Alcohol labels need to include more than just calories – they must also include information on units of alcohol, the low risk drinking guidelines and more. Find out much more in our upcoming research into alcohol labelling.

What are the solutions?

The COVID-19 pandemic means we live in a time of great change. We have been reminded of the importance of public health, and the pressure widespread ill-health places on our public services like the NHS. That makes this the perfect time to implement policies which put health first.

There’s much more the Government can do around alcohol that will improve our health. Tackling the full extent of alcohol harm will need a comprehensive set of policy measures, outlined in a national cross-government strategy with adequate resources. Take a look at some of the policies that evidence suggests would make the biggest difference.

But for the time being, let’s focus on the Government’s new measures around obesity. We are calling on the Government to:

Mandate that alcohol labels include calories, ingredients and full nutritional information, as well as health warnings and low-risk drinking guidelines

There’s much more information on this in our upcoming research into alcohol labelling.

Restrict alcohol marketing

For example by banning alcohol sponsorship of sport.19-21

Ban ‘Buy One Get One Free’ and other special offers on alcohol

Many of the policies outlined in the Government’s obesity statement are targeted at food, but should also apply to alcohol. It makes no sense to ban ‘Buy One Get One Free’ offers on chocolate bars when they’re still allowed on high calorie alcoholic drinks – and when alcohol comes with additional major health risks.

References

1 British Psychological Society (2019) Psychological perspectives on obesity: Addressing policy, practice and research priorities

2 Department of Health & Food Standards Agency (2011) National Diet and Nutrition Survey

3 Action on Sugar (2020) Sugar content of ready-to-drink alcoholic beverages

4 Royal Society of Public Health (RSPH) (2014) Increasing awareness of ‘invisible’ calories from alcohol

5 Eurocare, European Alcohol Policy Alliance (2012) Preliminary library of alcohol health information and warning labels

6 Martin-Moreno, J. M., Harris, M. E., Breda, J., Møller, L., Alfonso-Sanchez, J. L. and Gorgojo, L. (2013) Enhanced labelling on alcoholic drinks: reviewing the evidence to guide alcohol policy in European Journal of Public Health, 23(6), 1082–1087. doi:10.1093/eurpub/ckt046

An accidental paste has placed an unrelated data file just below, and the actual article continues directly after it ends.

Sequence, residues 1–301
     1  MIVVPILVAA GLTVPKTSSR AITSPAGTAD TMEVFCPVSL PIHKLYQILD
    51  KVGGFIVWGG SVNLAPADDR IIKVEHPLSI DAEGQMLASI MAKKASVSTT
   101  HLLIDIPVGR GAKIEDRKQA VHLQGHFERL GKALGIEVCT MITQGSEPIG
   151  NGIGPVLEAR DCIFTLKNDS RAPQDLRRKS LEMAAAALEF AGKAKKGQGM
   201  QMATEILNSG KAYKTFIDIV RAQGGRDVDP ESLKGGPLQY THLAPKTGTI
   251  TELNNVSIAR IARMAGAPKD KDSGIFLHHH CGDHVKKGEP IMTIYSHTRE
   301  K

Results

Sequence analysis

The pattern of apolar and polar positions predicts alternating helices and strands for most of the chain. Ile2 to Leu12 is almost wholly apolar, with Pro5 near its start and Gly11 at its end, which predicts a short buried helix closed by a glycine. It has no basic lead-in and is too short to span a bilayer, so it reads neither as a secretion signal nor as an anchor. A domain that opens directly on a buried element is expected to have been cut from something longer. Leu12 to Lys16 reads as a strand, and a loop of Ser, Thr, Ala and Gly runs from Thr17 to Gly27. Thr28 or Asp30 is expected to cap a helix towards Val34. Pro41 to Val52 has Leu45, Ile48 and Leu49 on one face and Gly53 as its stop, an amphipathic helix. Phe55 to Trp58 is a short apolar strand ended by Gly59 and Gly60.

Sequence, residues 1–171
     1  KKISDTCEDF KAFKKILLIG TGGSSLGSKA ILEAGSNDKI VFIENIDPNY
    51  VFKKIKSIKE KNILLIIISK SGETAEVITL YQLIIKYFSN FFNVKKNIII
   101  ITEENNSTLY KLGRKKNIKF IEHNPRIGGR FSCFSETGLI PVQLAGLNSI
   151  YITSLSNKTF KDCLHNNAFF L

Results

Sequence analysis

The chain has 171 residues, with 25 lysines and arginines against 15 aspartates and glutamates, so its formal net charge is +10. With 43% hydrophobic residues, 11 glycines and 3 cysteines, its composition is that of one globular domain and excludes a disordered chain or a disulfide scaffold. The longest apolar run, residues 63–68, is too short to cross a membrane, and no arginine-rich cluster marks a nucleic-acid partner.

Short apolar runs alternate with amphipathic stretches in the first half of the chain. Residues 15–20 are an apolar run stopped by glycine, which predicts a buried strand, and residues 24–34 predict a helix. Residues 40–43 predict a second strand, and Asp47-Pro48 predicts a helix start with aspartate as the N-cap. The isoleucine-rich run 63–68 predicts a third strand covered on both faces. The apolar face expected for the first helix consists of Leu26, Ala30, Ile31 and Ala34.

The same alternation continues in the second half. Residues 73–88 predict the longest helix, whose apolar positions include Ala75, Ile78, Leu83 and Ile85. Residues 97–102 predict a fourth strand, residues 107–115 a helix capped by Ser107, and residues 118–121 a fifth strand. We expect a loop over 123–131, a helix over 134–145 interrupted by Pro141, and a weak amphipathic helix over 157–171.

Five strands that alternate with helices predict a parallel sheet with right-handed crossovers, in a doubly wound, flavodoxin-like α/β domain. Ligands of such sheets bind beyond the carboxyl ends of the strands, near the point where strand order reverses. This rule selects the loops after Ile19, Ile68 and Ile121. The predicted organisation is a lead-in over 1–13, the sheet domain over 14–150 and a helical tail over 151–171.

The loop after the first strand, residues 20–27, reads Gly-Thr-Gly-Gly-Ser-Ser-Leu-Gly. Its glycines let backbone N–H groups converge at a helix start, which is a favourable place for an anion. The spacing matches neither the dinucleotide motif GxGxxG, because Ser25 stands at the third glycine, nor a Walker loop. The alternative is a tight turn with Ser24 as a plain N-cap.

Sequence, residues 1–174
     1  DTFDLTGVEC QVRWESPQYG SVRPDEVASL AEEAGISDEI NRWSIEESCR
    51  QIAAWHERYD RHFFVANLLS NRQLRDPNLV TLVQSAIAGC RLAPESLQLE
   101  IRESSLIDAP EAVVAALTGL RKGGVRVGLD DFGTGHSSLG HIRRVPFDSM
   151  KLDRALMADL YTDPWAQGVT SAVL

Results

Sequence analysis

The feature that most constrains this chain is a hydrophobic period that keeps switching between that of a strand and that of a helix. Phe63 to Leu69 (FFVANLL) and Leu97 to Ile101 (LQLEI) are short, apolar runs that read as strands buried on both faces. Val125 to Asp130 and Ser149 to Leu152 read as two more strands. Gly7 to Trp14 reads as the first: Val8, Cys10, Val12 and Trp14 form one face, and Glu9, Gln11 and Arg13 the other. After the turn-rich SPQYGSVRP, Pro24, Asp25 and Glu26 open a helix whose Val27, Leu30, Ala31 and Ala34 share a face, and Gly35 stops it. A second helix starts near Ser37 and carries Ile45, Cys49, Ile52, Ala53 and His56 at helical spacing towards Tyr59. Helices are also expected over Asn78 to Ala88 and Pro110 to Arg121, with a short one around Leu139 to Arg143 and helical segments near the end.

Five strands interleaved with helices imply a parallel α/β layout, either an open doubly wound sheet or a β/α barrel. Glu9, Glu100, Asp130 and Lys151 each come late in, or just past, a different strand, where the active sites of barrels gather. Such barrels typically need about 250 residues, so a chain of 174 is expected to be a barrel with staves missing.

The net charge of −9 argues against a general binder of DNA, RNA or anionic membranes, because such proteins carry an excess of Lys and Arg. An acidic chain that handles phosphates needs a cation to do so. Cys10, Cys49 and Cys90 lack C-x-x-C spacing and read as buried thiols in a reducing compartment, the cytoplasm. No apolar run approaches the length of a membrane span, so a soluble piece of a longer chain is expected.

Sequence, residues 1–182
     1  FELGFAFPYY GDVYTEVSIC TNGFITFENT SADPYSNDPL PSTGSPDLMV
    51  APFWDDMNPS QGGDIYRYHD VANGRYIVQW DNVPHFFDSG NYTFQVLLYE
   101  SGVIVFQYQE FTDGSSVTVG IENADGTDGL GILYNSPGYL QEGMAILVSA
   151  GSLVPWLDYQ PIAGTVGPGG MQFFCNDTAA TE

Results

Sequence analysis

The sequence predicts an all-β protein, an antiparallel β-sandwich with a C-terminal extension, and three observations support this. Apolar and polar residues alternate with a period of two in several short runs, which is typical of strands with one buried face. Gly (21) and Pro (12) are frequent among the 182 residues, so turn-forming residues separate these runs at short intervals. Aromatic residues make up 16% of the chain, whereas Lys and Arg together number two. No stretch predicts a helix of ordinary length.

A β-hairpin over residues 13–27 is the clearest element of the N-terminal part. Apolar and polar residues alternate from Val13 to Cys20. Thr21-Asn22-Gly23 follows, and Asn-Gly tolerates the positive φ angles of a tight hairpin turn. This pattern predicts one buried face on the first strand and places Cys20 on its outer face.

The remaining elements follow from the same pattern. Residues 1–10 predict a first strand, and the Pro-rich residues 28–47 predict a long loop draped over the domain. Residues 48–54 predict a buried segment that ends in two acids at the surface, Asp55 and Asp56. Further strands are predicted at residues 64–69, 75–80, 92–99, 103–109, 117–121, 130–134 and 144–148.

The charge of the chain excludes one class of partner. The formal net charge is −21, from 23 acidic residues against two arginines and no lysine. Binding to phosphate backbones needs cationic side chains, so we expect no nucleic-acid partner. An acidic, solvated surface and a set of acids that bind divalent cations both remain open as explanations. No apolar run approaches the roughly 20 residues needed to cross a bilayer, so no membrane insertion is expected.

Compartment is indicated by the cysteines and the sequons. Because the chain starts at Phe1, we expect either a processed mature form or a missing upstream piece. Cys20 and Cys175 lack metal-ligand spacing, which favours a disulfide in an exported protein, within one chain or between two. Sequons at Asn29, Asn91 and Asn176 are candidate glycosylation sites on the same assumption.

7 Alcohol Health Alliance, University of Stirling and British Liver Trust (2013) Health First: An evidence-based alcohol strategy for the UK

8 Royal Society of Public Health (RSPH) (2014) Increasing awareness of ‘invisible’ calories from alcohol

9 Eurocare, European Alcohol Policy Alliance (2014) What’s not on the bottle? Eurocare Reflections on Alcohol Labelling

10 Alcohol Health Alliance UK (2018) Our Right to Know: How alcohol labelling is failing consumers

11 RSPH (2018) Labelling the Point: Towards better alcohol health information

12 Blackwell, A. K., Drax, K., Attwood, A. S., Munafò, M. R. and Maynard, O. M. (2018) Informing drinkers: Can current UK alcohol labels be improved? in Drug and alcohol dependence, 192, 163-170. doi: 10.1016/j.drugalcdep.2018.07.032

13 RSPH (2018) Labelling the Point: Towards better alcohol health information

14 Action on Sugar (2020) Sugar content of ready-to-drink alcoholic beverages

15 World Health Organization (WHO) (2020) What is the current alcohol labelling practice in the WHO European Region and what are barriers and facilitators to development and implementation of alcohol labelling policy?

16 Cancer Research (2016) 9 in 1 don't link alcohol and cancer

17 World Health Organization (2018) Alcohol factsheet

18 NHS website (2019) Obesity overview

19 Alcohol Health Alliance, University of Stirling and British Liver Trust (2013) Health First: An evidence-based alcohol strategy for the UK

20 WHO (2010) Global Strategy to reduce the harmful use of alcohol

21 Purves, R. I. and Critchlow, N. (2020) The extent, nature, and frequency of alcohol sport sponsorship in professional and rugby union in Scotland